historic ’60s-era maps that helped Kerry retrace the route they followed that day nearly 50 years ago. (Photo by Glen Johnson, U.S. Department of State)
Vietnam War scholar Edward Miller relived a dramatic moment in the war alongside veteran and then-Secretary of State John Kerry last month when they tracked down the site of a controversial 1969 Viet Cong ambush on U.S. Swift boats under Kerry’s command.
In the closing days of the Obama administration, Kerry returned to Vietnam, where he had served as a Navy commander from 1968 to ’69. He was determined to find the site of a firefight in which he’d killed a Viet Cong soldier who was targeting U.S. Swift boats with a rocket launcher, ending the battle without American casualties. The action earned Kerry a Silver Star, but Kerry’s conduct came under political attacks during his 2004 presidential race against George W. Bush.
Miller, whose work on the war includes cofounding the Dartmouth Vietnam Project, an oral history program focused on the war era, and serving as an adviser on documentarian Ken Burns’ upcoming film “Vietnam,” provided vintage maps and traveled with Kerry as he boated through Vietnam’s Mekong Delta in search of the battle site.
The state department brought Miller in on the trip because of his reputation as a historian of the war, developed over 15 years of fieldwork in the Southeast Asian nation. Miller met Kerry in Vietnam’s capital, Hanoi, and they pored over the reproductions of the 1960s U.S. Geological Survey maps, which the then-secretary of state said matched the charts he used back in 1969.
“When I showed Kerry the maps for the first time he recognized them right away,” Miller says. “He studied them closely two nights before the trip, and then I brought the maps with me on the river.”
For Miller, the most memorable moment came after they returned to shore and Kerry met a Viet Cong veteran who’d been involved in that 1969 attack. The two gripped hands for a long time as they spoke about that day 50 years ago, Miller said, and the former soldier told Kerry that the man he’d killed that day was a fighter in his 20s and the only member of the platoon trained in the use of a rocket launcher.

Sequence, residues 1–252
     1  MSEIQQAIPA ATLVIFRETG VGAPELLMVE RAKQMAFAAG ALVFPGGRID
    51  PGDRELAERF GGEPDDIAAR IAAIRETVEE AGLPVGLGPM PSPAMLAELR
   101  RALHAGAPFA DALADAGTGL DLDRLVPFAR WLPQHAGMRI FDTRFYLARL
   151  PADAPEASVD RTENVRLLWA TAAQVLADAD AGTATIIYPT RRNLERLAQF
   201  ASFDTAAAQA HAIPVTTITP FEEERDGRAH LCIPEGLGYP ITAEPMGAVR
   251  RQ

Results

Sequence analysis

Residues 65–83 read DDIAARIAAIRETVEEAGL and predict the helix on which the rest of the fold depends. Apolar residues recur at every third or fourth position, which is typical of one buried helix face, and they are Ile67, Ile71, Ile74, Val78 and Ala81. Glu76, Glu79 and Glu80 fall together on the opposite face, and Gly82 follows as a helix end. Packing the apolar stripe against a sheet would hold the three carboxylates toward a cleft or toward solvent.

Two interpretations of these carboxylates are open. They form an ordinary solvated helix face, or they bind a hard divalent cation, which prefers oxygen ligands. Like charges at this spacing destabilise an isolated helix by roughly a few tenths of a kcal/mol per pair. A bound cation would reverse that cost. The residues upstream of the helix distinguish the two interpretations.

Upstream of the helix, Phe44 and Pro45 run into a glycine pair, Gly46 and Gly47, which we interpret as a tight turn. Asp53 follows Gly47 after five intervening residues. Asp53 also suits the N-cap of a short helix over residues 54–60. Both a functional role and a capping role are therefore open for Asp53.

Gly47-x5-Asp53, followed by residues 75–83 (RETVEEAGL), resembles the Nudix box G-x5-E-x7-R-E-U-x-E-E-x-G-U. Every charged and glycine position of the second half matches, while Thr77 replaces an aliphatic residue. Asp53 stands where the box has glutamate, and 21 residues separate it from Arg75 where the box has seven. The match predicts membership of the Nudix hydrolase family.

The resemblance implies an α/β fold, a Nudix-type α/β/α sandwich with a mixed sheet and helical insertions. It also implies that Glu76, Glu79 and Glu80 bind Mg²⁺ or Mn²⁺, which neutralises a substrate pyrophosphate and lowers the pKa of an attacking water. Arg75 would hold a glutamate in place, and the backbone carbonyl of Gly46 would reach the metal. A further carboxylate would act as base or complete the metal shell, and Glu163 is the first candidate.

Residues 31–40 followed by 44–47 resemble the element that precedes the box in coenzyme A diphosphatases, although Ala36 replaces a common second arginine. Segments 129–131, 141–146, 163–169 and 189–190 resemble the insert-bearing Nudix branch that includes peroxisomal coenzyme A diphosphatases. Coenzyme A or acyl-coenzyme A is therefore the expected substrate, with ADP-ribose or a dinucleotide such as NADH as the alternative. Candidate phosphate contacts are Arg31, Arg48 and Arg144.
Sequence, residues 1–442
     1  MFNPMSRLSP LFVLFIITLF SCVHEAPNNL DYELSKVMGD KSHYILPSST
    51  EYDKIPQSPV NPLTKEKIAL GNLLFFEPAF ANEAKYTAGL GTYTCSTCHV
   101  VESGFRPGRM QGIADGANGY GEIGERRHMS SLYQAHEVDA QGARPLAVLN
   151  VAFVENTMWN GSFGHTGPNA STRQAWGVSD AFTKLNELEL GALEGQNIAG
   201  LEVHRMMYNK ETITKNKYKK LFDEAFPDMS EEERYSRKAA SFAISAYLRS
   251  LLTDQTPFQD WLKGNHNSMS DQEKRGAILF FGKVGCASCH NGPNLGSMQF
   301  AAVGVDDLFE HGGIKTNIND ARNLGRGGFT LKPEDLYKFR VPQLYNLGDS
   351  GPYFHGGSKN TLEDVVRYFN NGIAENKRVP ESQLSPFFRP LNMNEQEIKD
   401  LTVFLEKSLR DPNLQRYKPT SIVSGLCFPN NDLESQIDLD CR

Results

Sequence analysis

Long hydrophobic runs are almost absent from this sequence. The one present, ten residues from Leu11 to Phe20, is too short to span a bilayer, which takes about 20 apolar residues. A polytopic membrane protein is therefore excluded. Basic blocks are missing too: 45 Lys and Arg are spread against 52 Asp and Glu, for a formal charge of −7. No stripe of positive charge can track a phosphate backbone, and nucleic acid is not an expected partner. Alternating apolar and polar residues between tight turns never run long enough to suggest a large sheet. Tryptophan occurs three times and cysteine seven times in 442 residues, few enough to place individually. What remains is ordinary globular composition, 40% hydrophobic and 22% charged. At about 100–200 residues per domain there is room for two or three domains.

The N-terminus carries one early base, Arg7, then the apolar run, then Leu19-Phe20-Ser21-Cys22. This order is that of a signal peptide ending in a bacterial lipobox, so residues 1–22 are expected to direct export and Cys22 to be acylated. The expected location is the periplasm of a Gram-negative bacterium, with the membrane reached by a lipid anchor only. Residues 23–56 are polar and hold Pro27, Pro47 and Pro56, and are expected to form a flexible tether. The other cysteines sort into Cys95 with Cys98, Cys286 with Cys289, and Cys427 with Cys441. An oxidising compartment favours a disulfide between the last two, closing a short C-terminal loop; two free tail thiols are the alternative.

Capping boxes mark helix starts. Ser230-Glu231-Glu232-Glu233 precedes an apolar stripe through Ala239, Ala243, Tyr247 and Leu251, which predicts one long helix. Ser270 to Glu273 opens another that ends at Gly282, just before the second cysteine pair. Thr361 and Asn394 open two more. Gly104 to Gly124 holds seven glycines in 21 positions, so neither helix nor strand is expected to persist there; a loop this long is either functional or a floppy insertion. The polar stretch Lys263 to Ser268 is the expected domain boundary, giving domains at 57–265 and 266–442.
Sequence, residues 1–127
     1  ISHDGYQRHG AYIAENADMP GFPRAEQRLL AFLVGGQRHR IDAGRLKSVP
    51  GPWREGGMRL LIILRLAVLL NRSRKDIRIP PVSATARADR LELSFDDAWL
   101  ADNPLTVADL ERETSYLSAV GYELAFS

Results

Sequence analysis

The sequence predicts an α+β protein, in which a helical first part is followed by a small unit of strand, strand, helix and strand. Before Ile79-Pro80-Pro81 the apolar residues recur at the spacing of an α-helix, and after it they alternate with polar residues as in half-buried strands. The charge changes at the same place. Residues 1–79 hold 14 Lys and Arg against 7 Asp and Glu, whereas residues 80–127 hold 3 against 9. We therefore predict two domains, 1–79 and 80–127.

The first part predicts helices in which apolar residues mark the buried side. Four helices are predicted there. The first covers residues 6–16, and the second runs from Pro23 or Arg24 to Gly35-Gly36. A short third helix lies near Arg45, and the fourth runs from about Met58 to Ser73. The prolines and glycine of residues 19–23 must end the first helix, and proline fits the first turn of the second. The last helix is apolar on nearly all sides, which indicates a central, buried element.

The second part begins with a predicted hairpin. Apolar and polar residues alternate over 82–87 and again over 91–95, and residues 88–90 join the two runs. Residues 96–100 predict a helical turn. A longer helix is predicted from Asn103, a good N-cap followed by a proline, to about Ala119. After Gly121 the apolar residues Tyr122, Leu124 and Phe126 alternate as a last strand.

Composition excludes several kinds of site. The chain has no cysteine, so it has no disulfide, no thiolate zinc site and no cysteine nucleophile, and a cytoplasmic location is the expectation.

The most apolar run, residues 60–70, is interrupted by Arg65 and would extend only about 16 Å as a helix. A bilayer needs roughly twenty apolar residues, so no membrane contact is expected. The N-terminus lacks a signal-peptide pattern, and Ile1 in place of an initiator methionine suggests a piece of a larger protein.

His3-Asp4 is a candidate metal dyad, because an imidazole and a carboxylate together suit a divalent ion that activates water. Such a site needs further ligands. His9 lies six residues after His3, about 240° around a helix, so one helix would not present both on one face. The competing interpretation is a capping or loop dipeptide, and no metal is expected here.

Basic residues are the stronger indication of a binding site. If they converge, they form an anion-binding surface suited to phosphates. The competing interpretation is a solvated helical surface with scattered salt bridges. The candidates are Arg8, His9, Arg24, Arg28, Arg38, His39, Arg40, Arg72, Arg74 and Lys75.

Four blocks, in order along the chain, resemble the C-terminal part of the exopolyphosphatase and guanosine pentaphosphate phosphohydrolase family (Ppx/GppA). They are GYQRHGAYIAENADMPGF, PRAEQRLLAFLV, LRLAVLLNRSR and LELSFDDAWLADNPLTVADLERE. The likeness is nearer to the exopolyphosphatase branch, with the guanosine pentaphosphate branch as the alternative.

During Kerry’s 2004 presidential campaign, detractors suggested that Kerry had killed an unarmed teenager in that battle rather than a soldier. The political attack ads from the period, which featured some American veterans known as “Swift Boat Veterans for Truth,” sought to undermine the narrative of the then-candidate as a decorated war hero.
“His service had become such a political campaign issue in the 2004 election that it gave us the verb ‘Swiftboating,’ for an intense attack on a candidate’s character,” Miller says. “I think that part of the trip—meeting the Viet Cong veteran—was particularly meaningful for Kerry, given what people had said about the episode previously.”
Miller’s scholarship on the Vietnam War includes his 2013 book Misalliance: Ngo Dinh Diem, the United States, and the Fate of South Vietnam, and has inspired an array of projects in Vietnam and at Dartmouth. He is advising Vietnamese museum curators in Ho Chi Minh City on an exhibition chronicling the social and political history of the war years; he co-teaches and leads a Tuck Global Insight Expedition (GIX) to Vietnam for MBA students; and he is working with Vietnamese and American colleagues to establish a new liberal arts university in Ho Chi Minh City.
Miller’s Dartmouth Vietnam Project, co-founded with Jennifer Miller (no relation), trains Dartmouth students to document the memories of Dartmouth alumni and other members of the Dartmouth community about their experiences during the Vietnam War era. The goal is to show students that history is about human interactions and relationships, not just written records, Miller says.
His interest in the history and culture of Vietnam deepened when he was a doctorate student writing his dissertation, which was subsequently published, on South Vietnamese President Ngo Dinh Diem, whose assassination in 1963 coincided with the escalation of the U.S. involvement in the war. Miller’s research led him to archives in Vietnam and elsewhere and broadened his perspective beyond the U.S.-centric understanding of the war.
“Trying to convey that interest is a big part of what I do at Dartmouth—trying to share that inspiration with my students,” Miller said.